The Work Foundation, under Will Hutton, has been running a consortium of public organisations developing the ideas further, including the BBC; Department for Culture, Media and Sport; Home Office; Learning and Skills Development Agency; London Borough of Lewisham; Metropolitan Police; NHS Modernisation Agency; Ofcom; and the Royal Opera House.

The influential think-tank the Institute for Public Policy Research has published a couple of reports using public value ideas. If it is not yet a fashion, it is possibly the start of one. So what is it all about?

In some ways, Moore's ideas can be seen as an attempt to weld together the old concerns for the 'public interest' embedded in traditional public administration with the emphasis on efficiency and responsive delivery in the so-called 'new public management'.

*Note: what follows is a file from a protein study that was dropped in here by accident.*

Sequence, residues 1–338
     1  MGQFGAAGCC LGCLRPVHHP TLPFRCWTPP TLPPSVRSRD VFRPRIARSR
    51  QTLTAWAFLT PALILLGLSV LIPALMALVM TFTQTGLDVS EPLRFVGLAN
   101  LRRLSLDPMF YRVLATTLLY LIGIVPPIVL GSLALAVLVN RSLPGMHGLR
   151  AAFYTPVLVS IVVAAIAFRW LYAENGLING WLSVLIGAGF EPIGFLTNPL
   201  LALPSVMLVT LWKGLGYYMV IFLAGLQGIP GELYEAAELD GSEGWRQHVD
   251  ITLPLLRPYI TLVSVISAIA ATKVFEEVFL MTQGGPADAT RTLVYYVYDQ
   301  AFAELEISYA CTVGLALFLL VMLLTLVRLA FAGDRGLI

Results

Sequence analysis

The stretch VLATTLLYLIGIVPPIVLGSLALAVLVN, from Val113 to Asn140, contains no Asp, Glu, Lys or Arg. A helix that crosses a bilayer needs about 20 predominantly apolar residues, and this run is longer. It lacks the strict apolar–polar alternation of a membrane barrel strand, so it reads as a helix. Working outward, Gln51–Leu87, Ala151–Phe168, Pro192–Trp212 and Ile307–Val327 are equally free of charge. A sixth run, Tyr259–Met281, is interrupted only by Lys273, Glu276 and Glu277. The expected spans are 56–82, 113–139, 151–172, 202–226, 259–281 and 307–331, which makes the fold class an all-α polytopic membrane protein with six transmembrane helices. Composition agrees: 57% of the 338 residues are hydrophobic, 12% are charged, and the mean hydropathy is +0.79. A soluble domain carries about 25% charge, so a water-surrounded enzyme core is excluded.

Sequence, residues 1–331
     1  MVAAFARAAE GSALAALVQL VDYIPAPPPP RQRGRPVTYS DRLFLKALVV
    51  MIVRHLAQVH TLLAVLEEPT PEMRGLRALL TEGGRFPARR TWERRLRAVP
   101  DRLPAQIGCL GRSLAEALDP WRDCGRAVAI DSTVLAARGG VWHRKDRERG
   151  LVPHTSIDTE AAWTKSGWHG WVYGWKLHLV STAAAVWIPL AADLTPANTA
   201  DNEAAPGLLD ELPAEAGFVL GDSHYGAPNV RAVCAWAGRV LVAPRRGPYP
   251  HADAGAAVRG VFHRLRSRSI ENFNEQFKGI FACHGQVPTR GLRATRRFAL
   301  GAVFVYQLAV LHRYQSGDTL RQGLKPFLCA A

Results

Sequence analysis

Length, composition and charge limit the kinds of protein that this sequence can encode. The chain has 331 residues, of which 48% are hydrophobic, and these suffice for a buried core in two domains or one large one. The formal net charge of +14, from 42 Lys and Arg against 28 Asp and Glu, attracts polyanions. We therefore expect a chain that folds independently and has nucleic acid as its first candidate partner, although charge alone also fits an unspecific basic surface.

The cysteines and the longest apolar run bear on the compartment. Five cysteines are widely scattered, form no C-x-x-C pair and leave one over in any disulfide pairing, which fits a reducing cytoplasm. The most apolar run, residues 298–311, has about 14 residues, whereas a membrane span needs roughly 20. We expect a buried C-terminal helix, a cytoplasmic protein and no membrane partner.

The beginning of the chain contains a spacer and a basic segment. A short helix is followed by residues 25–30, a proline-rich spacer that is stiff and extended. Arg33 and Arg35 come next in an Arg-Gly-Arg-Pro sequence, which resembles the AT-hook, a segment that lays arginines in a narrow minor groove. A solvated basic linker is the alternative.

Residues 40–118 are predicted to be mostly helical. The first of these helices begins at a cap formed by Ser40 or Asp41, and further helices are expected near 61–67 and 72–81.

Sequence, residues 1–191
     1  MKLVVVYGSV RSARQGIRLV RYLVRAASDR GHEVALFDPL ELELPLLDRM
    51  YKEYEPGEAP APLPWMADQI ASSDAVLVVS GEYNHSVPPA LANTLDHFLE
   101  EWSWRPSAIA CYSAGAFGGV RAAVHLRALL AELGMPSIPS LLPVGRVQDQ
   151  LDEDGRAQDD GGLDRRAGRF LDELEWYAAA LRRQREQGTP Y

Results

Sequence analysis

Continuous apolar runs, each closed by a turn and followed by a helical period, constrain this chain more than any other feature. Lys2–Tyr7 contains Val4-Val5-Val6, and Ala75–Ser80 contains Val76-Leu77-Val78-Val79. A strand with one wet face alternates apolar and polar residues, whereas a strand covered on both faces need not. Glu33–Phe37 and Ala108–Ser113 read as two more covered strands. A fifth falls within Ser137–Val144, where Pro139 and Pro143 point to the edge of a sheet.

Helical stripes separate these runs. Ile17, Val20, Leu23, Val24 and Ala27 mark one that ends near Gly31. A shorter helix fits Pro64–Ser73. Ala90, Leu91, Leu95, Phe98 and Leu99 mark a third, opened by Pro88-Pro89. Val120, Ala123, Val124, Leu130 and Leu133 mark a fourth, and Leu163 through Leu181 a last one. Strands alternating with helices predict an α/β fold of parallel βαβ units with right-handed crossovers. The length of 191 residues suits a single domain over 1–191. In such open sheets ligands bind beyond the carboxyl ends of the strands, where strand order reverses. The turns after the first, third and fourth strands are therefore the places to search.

NPM thinking has dominated discussions about public sector reform for more than two decades now, especially in the 'anglo' countries but also in cultures as diverse as Japan and Jamaica. It is based on some fairly narrow ideas from economics – about 'rational choice' and 'principal agent' problems. It assumes that ideas from private sector businesses can be imported willy-nilly into the public sector, and so we got internal markets, performance-related pay and all sorts of contractualisation, among other things.

Public value, as conceived by Moore and others, seeks to inject ideas about trust and legitimacy back into thinking about public services. As my colleague

at Manchester, Gerry Stoker, puts it, it is a new way